lucene-java-user mailing list archives

Site index · List index
Message view « Date » · « Thread »
Top « Date » · « Thread »
From Chris Hostetter <hossman_luc...@fucit.org>
Subject Re: Lucene Seaches VS. Relational database Queries
Date Tue, 11 Apr 2006 22:41:37 GMT

1) An inverted full text index is not a replacment for a relational
database.

2) many people think they need a relational database, when all they really
need is a well designed full text index.

To get to some of your specific questions...

: them in one field).  One of the problems I see would be with values that
: over lap (Example, name where one name is Jason Bateman, and one is Jason
: Bateman Black, and it would be hard to replicate the Discrete Search for

they way field values are "analyzed" is extremely configurable -- down to
the individual field level.  Which means that while you can have an actor
field where you can do loose text searching for "bateman" and get back
movies staring "Jason Bateman" and "Jason Bateman Black" (and even Guido
Batemans" if you use stemming) you can also have another field using a
KeywordAnalyzer such that a record with teh values "Jason Bateman" and
"Jack Black" will only be matched if hte user searches for "Jason Bateman"
or "Jack Black" ... searching for "Bateman Jack" or "Black Jason" will not
work.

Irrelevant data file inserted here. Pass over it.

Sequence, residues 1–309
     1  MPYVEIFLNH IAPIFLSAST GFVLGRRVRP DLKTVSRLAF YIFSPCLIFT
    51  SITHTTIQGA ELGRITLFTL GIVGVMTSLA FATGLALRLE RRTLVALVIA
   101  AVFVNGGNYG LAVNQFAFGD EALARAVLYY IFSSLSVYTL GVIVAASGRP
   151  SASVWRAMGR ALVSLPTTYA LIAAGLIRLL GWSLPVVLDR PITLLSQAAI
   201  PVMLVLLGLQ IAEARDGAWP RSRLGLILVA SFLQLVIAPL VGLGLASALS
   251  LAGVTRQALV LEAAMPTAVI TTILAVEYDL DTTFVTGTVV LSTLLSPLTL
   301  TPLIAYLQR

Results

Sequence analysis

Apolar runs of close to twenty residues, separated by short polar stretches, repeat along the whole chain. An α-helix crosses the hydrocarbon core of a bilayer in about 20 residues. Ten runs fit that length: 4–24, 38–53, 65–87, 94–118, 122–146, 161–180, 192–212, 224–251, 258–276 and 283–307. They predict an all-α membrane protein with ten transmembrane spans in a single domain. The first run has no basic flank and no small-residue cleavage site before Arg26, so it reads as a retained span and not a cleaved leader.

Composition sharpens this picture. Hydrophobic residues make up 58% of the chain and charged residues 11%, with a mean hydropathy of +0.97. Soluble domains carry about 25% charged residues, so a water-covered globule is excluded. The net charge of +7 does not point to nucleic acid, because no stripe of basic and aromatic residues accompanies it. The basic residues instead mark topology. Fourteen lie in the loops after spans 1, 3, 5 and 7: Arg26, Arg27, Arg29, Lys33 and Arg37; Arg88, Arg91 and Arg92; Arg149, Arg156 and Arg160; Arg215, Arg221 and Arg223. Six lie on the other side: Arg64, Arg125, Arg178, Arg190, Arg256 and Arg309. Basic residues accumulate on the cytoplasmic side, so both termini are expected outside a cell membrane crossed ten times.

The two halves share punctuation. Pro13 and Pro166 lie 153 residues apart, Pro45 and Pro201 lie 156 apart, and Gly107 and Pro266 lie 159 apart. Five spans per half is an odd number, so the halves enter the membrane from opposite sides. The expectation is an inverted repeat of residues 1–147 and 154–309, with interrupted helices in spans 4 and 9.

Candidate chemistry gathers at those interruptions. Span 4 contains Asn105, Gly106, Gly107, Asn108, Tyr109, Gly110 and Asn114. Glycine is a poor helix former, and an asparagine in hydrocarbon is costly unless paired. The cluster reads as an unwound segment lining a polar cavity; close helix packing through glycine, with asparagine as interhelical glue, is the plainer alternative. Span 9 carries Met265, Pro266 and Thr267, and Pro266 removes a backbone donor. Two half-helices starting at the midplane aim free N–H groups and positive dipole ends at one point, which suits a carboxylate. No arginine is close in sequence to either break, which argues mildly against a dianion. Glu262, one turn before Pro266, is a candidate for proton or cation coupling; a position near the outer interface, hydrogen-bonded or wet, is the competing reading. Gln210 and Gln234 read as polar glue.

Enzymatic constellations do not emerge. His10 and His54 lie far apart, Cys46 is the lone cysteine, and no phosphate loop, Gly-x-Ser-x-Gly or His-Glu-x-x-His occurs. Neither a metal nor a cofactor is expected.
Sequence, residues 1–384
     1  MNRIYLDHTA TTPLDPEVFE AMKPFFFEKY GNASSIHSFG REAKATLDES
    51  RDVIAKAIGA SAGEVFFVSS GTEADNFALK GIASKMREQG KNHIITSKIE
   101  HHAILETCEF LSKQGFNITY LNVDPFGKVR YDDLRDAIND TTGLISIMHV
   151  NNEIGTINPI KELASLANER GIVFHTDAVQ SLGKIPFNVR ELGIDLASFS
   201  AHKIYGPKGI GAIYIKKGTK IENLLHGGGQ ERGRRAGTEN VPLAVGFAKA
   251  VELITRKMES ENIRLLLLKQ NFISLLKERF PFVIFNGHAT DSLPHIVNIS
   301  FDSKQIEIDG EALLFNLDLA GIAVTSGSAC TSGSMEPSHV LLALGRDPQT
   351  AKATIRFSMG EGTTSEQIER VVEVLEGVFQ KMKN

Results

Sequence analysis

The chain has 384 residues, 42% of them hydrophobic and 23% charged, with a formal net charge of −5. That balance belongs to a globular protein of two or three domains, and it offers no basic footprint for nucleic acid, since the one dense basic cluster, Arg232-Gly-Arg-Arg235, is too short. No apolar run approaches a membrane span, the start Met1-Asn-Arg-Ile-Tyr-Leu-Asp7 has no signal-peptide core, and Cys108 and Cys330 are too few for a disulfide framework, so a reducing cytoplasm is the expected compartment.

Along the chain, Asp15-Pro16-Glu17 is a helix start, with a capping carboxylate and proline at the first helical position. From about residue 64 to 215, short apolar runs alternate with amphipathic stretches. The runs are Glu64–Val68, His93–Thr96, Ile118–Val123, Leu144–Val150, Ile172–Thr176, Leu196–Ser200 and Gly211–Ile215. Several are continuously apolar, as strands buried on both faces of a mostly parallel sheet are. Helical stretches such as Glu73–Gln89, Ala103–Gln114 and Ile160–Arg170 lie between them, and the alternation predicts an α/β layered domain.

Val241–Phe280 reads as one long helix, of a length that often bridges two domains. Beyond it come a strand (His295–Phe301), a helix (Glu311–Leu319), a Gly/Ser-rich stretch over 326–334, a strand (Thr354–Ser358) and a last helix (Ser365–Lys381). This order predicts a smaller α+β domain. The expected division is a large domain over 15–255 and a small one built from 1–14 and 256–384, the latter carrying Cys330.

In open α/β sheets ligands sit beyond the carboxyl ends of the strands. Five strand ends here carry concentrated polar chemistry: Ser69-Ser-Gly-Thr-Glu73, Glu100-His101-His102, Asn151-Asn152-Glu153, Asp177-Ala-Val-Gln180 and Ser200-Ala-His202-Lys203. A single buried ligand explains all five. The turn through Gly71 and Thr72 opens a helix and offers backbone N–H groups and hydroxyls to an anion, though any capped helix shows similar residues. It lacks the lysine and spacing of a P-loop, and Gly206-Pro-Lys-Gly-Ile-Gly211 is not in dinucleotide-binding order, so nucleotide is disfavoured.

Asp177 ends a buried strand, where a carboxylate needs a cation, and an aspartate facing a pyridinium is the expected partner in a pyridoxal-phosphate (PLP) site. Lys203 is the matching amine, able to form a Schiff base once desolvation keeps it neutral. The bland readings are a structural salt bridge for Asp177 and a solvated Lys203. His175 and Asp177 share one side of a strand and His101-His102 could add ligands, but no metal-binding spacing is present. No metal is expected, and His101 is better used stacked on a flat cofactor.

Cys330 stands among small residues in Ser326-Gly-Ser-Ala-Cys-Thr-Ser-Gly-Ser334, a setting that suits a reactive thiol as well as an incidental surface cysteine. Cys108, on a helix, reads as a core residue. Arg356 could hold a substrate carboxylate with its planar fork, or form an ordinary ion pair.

furthermore, as you learn more about lucene you'll find things like
positionIncrimentGap, PhraseQueries and "slop" which will show you how you
can support queries like "Jason Black" matching movies staring "Jason
Bateman Black" or "Jason Black" but not movies staring both "Jason
Bateman" and "Jack Black" (unless you want them to)

: Jason Bateman. Also I think there would be some issues with insuring that
: all updates, adds and deletes were properly synced with the index, as well
: as the possibility of duplicate rows in the index. Can people out there help
: with any other pros and cons to this approach?

concern about replication is a perfectly valid one ... but it's an issue
that also plauges RDBMs ... i've yet to see a database that could garuntee
100% that every slave would surface newly repliated data from the master
at the *exact* same time.

I would suggest you take a look at the Solr project...

	http://incubator.apache.org/solr/

...it's very easy to get the demo up and running and to play with things
like positionIncrimentGap and various analyzers (all without ever writting
any lines of code) and Solr has scripts to make master=>slave replication
easy on machines that support rsync and hard links (ie: Unix/Linux)


-Hoss


---------------------------------------------------------------------
To unsubscribe, e-mail: java-user-unsubscribe@lucene.apache.org
For additional commands, e-mail: java-user-help@lucene.apache.org


Mime
View raw message